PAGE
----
Nearly 50 Years Post-Roe v. Wade and Nearing its End: What Is the Evidence that Abortion Advances Women’s Health and Equality?


There is a realistic possibility that the Supreme Court’s decision in Dobbs v. Jackson Women’s Health Organization, or another near term case, will curb or deny the existence of the federal constitutional right of abortion announced in Roe v. Wade and reaffirmed in Planned Parenthood v. Casey. In preparation for this moment, advocates of legal abortion have been passing laws at the state level to secure a right to abortion under circumstances similar to those protected in Roe and Casey––abortion for any reason, throughout pregnancy––on the grounds that abortion promotes women’s health and their social and economic equality. Women’s health and equality are foundational, respectively, to the holdings in Roe and Casey.

Pro-choice advocates have had nearly fifty years to investigate the effects of legal abortion on women’s lives. Undoubtedly, they would like to put to rest the question of whether abortion is a benefit to women. The leading medical associations and journals are openly pro-choice, and they would produce convincing evidence of abortion’s salutary effects if they could. Strikingly, however, while current abortion rights statutes are premised on these claims, their pro-choice supporters have not provided evidence to support them. Instead, pro-choice interest groups and legislators offer conclusory observations with no data, or poorly reasoned or researched studies, and they fail to grapple with significant empirical scholarship that indicates many women suffer harm as a result of their abortion. Furthermore, women’s social and economic progress—in areas ranging from employment to education to entrepreneurship to other outcomes—has proceeded independently of their recourse to abortion. And an important body of literature suggests that unlinking sex from childbearing has disadvantaged women in the realms of relationships with men, marriage, childbearing, and workplace accommodations for mothers.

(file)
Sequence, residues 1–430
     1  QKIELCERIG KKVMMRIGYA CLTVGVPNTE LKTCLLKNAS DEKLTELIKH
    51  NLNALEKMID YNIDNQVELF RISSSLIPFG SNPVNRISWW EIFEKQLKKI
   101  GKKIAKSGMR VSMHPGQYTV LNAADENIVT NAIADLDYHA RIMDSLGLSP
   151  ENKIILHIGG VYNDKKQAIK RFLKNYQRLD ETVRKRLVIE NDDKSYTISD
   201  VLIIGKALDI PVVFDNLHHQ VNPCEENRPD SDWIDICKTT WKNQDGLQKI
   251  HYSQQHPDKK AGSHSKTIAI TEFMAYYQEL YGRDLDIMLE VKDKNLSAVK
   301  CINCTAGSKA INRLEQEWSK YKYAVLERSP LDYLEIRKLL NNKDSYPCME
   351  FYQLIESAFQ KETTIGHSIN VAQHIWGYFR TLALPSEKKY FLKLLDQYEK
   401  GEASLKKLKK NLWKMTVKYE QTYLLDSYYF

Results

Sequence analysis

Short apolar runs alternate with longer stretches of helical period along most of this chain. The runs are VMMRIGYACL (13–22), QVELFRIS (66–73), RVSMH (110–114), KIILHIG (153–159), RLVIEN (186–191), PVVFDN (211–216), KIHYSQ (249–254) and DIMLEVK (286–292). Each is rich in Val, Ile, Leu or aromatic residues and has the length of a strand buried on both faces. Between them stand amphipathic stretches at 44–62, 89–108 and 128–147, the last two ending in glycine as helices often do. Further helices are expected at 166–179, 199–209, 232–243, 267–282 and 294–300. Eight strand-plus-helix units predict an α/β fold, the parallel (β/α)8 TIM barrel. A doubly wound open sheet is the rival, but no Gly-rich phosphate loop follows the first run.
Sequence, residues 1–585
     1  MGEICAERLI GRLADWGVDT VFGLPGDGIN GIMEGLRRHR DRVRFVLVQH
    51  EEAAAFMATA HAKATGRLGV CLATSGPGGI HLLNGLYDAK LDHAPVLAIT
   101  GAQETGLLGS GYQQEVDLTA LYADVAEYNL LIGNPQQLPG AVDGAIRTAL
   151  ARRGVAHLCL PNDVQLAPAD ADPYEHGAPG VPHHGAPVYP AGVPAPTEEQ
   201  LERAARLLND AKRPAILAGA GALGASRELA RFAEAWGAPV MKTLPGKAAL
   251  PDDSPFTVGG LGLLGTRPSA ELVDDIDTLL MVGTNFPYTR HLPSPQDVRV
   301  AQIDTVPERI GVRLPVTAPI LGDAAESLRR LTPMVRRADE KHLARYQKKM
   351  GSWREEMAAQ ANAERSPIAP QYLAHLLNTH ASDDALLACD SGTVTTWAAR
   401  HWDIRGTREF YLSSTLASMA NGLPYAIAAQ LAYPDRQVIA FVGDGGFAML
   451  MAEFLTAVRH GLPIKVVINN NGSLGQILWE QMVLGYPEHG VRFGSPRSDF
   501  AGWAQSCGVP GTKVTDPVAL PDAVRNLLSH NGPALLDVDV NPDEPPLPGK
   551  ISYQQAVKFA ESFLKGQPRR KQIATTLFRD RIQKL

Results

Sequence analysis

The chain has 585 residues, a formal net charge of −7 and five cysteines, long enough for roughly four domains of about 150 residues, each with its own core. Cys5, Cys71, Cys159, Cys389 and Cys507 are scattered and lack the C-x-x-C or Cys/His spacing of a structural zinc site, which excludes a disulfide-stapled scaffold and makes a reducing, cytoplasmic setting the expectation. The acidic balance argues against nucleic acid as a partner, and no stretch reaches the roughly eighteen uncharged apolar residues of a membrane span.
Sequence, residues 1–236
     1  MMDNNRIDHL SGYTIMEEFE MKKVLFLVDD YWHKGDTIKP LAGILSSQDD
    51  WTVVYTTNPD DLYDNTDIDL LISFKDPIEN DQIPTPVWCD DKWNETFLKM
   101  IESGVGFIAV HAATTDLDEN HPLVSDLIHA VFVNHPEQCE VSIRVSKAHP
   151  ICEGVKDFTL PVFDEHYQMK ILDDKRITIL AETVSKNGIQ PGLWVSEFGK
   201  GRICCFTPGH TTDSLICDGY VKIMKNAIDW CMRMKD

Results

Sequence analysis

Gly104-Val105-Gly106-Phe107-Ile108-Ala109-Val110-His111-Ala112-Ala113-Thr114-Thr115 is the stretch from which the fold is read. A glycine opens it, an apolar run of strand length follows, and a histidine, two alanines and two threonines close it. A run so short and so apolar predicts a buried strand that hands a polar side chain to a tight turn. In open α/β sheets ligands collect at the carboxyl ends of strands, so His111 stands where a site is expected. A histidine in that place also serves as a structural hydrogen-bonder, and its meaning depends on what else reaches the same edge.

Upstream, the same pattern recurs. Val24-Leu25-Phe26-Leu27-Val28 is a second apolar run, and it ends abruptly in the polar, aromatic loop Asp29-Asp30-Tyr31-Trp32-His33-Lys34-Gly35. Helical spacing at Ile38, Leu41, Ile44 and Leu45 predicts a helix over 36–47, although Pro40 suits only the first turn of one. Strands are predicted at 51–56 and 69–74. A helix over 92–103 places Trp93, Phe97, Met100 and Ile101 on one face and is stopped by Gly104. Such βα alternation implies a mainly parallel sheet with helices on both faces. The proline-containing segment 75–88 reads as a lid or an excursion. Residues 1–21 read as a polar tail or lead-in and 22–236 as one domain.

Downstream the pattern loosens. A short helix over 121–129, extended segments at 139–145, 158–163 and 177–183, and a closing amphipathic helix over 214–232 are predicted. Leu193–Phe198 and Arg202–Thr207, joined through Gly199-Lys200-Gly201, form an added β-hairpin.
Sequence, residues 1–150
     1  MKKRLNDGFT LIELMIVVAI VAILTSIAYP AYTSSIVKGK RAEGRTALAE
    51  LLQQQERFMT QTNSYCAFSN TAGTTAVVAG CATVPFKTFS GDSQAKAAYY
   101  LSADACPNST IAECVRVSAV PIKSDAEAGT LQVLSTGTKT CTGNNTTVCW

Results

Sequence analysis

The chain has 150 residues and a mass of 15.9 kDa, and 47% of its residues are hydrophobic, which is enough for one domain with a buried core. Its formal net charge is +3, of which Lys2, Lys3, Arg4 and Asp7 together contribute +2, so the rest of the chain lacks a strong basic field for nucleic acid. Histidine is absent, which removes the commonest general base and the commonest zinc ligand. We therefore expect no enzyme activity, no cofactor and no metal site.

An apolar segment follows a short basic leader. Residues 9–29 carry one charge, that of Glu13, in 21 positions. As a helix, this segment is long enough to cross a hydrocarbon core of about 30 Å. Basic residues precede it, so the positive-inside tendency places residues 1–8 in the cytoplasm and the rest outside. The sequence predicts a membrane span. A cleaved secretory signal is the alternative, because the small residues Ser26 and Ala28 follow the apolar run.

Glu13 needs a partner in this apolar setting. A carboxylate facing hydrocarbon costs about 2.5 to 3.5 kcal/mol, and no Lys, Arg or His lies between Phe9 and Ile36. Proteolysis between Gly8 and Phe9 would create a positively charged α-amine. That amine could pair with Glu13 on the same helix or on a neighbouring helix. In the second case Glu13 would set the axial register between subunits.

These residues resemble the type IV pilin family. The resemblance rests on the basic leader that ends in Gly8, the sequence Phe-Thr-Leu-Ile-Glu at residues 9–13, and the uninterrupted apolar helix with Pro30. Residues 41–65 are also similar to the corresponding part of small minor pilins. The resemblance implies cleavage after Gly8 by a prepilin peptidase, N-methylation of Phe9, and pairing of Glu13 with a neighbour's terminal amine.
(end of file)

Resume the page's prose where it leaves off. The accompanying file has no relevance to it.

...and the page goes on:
This Article will set forth the evidence complicating and sometimes contradicting the narrative dominating current state legislative efforts to codify Roe: that abortion advances women’s health and their social and economic equality. It concludes that this lack of evidence, combined with the insistence nevertheless that abortion importantly promotes women’s health and equality, are themselves threats to women’s health and progress. Advocates of women’s welfare should exhibit a far greater amount of curiosity about the effects upon women of a procedure performed over 60 million times since Roe v. Wade. They should not promote the notion that children are women’s private “burden,” such that public and private actors are under no obligation to extend accommodations to women with children.